A university of Houston pharmaceutical scientist is developing a drug which could bring relief to children suffering with Familial Adenomatous Polyposis (FAP), a rare genetic disorder characterized by hundreds if not thousands of colorectal polyps. This hereditary cancer predisposition syndrome occurs in 3 per 100000 live births and, if left untreated, causes colorectal cancer in patients nearly 100 percent of the time. Prior medication for the diseases failed because it increased the risk of heart attacks and death.
In case of success, this drug will likely become the first drug for treating children with FAP and will also be useful for colon cancer prevention in other high risk populations.
Hu (professor of pharmaceutics) and his team took this opportunity to develop a more effective treatment through a locally bioavailable COX_2(cyclo-oxygenase-2) inhibitot, meaning one that will remain inside the gut area. This new drug is designed to cycle through the colon without escaping to the circulatory system and reaching non-targeted organs. The drug inhibits the production of the molecule called PGE2, which magnifies pain and promotes tumor growth in the colon.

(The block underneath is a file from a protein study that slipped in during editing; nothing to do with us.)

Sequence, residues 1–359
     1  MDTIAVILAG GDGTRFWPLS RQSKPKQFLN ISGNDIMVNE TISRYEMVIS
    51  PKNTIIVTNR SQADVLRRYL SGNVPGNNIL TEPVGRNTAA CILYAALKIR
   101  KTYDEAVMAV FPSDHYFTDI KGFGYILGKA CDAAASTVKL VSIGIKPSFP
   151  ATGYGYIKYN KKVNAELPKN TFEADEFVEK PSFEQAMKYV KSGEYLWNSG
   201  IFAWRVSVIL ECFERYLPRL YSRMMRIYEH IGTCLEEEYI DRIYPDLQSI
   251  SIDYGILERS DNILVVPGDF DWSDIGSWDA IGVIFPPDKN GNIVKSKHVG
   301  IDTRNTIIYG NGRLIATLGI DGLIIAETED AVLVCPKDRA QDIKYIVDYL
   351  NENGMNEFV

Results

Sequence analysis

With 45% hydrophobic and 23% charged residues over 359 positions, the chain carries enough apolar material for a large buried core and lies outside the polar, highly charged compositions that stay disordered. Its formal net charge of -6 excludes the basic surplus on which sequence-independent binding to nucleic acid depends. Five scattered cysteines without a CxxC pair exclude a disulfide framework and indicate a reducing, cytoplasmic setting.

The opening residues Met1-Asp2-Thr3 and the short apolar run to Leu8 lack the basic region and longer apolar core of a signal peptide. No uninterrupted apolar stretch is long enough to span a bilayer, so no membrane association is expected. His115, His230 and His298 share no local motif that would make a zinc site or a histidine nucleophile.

Hu says the drug will also be effective for preventing recurrence after the polyps are removed, which could lead to fewer incidents of colon cancer in high-risk populations.
“Nobody has designed a drug like this, which recycles and limits exposure to the target organ,” said Hu. He has filed a patent on this approach to designing drugs.